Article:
DR 97: Dark Horse is Publishing A MST3K Comic Book

Dear Reader,

By the time you read this, Mystery Science Theater 3000 will be available to stream on Netflix.

I’ll Go Watch It Now Bye,

-The Guy Who Wrote This



Seriously, letter’s over. Go away

Nothing to see here, move on.

Why Are You Still Reading This?

Ok, fine. More letter. I don’t want you to perish of malnutrition. (Because you were… eating these? Somehow? Whatever, I can’t be expected to keep track of my own metaphors.)

Last time I talked about the MST3K revival, I made no pretense of it having anything to do with comics. I still say I didn’t have to. But that’s not an argument I have to use today.

Because Dark Horse is going to do a Mystery Science Theater 3000 Comic Book.

This Genuinely Takes Me Aback

See? Here’s where I was before this news, and then here, just aback a bit, is where I was afterward. That’s at least three inches of aback.

It’s not because I’m surprised that they would want to do an MST3K comic. Doing adaptations of beloved geek properties may not have been what Dark Horse Comics started out to accomplish, but it’s certainly what they ended up doing better than anyone else. After being the publisher for the comic tie-ins of internet cult favorites like Avatar, My Little Pony, and American Gods, an MST3K comic is exactly the sort of thing that would fit with the kind of publishing they do.

No, what takes me aback is trying to figure out what an MST3K comic would even BE.

What You Shouldn’t Do

Now, the obvious thing would be to just do A Comic that happens to have the characters and setting of MST3K, and then just… tell a story. This would probably end up being a longer, in-print version of the host segments from the Sci-Fi channel seasons, where Mike and the robots and Pearl would have bumbling hijinks in Ancient Rome or Observer World or something.

I don’t see any way to do this without it feeling like a pure cash-in. The plot of the host segments was only ever tenuous at best, and the writers themselves didn’t see much point in trying to maintain a continuity. At best, this would feel like fan-fic. At worst, it would come off like Dark Horse didn’t understand the point of the property they were licensing and were just trying to attach themselves to a piece of intellectual property real estate that has proven able to loosen geek wallets.

What You Should But Probably Won’t Be Able To Do

In a perfect world, the majority of the comic would be a reprint of something else. What you would want to do is take some old comics and then draw the little theatre silhouettes at the bottom of each panel, riffing on it.

I know it sounds really busy and cluttered, but I think it could work.

You might have to enlarge the panel…

So that the silhouettes…

And speech bubbles fit, but apparently even a no-training nobody like me can do that acceptably well.

We already know that the premise, “Make fun of old comics” works; I do it often enough myself. All you would need to do is find some old, silly, reprintable comics to make fun of. That’s where Dark Horse runs into a problem.

Dark Horse Is Solely a Publisher

The reason that Dark Horse is the go-to for comic tie-ins to geek favorites is that Dark Horse publishes creator owned titles. They own no titles, characters, or IPs themselves.

So if Marvel or DC were to publish a MST3K comic, they could just pull something from their own backlog—something Golden Age, no longer in continuity, like Wonder Woman fighting a racist Chinese caricature Easter Egg man. Easy pickings for riffs.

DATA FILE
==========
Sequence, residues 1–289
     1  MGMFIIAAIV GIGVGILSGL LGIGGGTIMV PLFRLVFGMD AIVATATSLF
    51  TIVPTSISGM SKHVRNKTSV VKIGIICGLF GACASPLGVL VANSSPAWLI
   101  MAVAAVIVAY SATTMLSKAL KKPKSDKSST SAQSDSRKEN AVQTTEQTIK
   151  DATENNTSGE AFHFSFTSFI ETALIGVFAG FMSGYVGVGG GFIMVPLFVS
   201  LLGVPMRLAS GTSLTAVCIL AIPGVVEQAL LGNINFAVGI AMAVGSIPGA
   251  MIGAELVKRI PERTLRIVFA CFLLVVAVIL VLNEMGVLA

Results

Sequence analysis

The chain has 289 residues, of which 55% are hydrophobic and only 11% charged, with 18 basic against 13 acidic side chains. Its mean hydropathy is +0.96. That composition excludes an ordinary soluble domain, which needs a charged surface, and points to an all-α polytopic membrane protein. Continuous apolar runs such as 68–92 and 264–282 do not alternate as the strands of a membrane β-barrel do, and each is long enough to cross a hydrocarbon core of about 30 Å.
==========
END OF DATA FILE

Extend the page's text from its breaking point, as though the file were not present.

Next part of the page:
Dark Horse can’t do that. Anything they want to publish, they have to get from someone else. I see three options for this, and none of them are great.

Three Options

One, they could try to find public domain comics, or comics old enough that the rights to reprint them are available for next to nothing. This would be stuff like Adventure into the Unknown, the ones I sometimes make fun of.The problem with this is that while they used to be available for almost nothing, that may not be true anymore. Rising interest in comics, in nostalgia, and in partially-MST3K-fueled tastes for “So Bad It’s Good” media, have engendered a demand for this kind of material where before there was none.

Two, you could approach creators who, while retaining ownership of their works, might consent to let the MST3K comic reprint them. Joss Whedon leaps to mind as someone who has had comics printed through Dark Horse and who would probably get a kick out of seeing them riffed. The problem with this is that Dark Horse mostly publishes GOOD comics. That’s a bit off-brand for MST3K. Even if they did put out a book that’s the statistical outlier, would you want to be the publishing intern that has to make the call to that author, and say “Hey, we loved your work, we want to print it in our new title that makes fun of really bad comics?”

Third, you could publish comics that haven’t been published yet, things that got submitted to Dark Horse by hopeful creators and didn’t make the cut. My guess is that this is the option they will end up going with—it draws from the pool of “People Probably Just Grateful to Get Their Book Published in Any Form at All,” it avoids having to pay extra money for reprint rights, and it keeps the title as indie as possible which fits both Dark Horse’s and MST3K’s image.

The problem is that it seems… kinda mean? Like, these are people hoping to break into the comics world; to ask them to do it as, let’s be honest, the subject of mockery is a little not-ok.

I suppose that depends on the tone of the riffing.

And I suppose there are worse ways to make a debut in the comics world.

Alright, that’s nearly three pages, that has to be enough to count as a real letter, I REALLY have to go now. There are fourteen episodes to stream and I am losing precious time!

In The Not Too Distant Future,

-The Guy Who Wrote This

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